Chronic Lead Neurotoxicity

Lead toxicity is a significant public health problem in the U.S. causing impairment of cognitive abilities and significant delays in behavioral development in children. The intellectual deficits persist throughout life. Toxicity often occurs because of the exposure of children to lead which can be found in many homes. In the Department of Cancer Biology and Pharmacology, lead toxicity research employs an animal model of lead exposure, which mimics the toxicity observed clinically in young children. This work is uniquely focused on the effects of lead that most closely relate to the clinical manifestations of public health concern. New concepts from these studies are forming the basis for improved prevention and medical treatment.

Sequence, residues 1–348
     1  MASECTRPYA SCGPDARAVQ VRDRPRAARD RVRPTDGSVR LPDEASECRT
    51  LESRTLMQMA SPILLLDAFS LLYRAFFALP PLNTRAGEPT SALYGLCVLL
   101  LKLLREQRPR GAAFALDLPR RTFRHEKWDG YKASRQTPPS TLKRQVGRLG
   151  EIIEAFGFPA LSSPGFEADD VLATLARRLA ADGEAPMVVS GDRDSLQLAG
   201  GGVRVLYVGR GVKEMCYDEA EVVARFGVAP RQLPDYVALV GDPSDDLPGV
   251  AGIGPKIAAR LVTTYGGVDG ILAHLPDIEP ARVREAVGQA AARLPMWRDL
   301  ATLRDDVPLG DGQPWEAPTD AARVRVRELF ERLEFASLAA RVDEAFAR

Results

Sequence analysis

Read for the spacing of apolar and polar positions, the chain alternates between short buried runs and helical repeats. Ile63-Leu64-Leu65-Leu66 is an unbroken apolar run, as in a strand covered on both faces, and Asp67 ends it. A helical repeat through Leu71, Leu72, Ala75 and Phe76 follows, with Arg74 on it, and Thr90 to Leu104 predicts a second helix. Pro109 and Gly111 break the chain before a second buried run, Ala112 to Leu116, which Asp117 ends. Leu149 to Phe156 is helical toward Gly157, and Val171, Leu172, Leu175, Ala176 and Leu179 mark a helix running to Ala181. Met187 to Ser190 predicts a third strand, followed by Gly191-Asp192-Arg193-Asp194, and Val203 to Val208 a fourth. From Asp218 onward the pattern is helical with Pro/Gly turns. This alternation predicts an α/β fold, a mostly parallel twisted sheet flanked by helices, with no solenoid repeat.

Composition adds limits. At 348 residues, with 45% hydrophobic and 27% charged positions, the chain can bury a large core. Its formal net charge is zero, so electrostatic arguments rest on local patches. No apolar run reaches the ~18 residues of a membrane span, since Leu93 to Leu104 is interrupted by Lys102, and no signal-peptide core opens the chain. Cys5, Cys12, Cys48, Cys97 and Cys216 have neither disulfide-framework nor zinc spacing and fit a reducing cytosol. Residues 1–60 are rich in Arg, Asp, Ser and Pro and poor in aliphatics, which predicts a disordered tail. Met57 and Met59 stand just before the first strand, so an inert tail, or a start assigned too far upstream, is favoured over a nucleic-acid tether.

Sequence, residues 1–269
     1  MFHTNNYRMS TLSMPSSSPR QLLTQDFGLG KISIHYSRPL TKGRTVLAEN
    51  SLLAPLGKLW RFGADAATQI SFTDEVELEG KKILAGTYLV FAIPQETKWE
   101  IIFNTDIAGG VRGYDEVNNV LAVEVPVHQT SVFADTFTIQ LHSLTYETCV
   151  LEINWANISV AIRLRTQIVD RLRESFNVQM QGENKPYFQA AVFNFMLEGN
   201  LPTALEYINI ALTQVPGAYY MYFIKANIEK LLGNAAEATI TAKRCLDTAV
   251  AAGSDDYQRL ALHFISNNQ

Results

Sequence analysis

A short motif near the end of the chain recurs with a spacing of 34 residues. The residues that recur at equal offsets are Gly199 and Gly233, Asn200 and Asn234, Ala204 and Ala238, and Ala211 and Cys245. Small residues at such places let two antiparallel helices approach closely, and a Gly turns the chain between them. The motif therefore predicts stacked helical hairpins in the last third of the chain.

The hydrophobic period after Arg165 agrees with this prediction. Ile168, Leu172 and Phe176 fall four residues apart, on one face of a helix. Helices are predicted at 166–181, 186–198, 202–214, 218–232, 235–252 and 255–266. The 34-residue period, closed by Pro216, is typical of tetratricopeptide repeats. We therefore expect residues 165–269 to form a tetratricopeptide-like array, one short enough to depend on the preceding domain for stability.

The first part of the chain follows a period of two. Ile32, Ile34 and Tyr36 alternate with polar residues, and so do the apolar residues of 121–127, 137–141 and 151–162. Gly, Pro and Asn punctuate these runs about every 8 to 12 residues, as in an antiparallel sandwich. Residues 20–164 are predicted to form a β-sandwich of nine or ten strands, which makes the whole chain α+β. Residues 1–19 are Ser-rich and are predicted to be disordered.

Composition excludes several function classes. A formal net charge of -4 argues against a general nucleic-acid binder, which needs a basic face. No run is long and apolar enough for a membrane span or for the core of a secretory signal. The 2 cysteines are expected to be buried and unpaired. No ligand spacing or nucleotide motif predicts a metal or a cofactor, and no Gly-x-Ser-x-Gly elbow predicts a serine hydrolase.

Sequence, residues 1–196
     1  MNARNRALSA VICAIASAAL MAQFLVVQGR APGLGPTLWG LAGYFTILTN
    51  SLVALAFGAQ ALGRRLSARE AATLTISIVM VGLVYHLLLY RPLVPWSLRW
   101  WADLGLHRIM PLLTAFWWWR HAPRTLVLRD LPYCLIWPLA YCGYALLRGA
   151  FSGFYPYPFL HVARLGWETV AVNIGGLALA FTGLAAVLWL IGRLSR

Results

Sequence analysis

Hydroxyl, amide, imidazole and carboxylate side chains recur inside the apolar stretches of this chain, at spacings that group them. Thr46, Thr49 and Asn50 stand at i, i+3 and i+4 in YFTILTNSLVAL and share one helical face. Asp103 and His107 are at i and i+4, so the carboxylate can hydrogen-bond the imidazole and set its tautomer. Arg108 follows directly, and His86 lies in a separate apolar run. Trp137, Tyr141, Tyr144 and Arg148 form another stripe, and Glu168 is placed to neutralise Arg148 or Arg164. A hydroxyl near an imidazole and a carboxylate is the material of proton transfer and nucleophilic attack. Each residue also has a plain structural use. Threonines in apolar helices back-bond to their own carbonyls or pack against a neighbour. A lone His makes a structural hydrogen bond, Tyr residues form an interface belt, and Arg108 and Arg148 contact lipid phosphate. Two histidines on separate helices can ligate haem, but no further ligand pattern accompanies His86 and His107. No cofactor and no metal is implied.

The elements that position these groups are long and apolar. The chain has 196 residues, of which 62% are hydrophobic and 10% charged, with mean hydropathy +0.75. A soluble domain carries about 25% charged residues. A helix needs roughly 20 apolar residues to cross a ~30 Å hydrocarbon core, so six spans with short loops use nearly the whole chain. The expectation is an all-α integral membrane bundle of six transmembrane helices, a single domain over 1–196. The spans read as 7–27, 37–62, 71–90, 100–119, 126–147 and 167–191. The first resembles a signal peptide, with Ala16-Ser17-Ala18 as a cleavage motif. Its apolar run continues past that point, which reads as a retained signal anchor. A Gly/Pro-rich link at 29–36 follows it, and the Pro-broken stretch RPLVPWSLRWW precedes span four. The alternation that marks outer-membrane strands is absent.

Stephen M. Lasley, Ph.D., joined the Department of Cancer Biology and Pharmacology in 1986.  He is a neurotoxicologist, and is widely respected for his discoveries of the way that lead toxicity alters brain chemistry, thereby interfering with the transfer of information between brain cells.  His scientific findings are especially pertinent to the prevention and treatment of chronic lead and manganese exposure in children.  Dr. Lasley has also earned a reputation for discoveries of the changes in brain chemistry which occur during the early phases of development following birth, particularly in response to endocrine disrupting chemicals.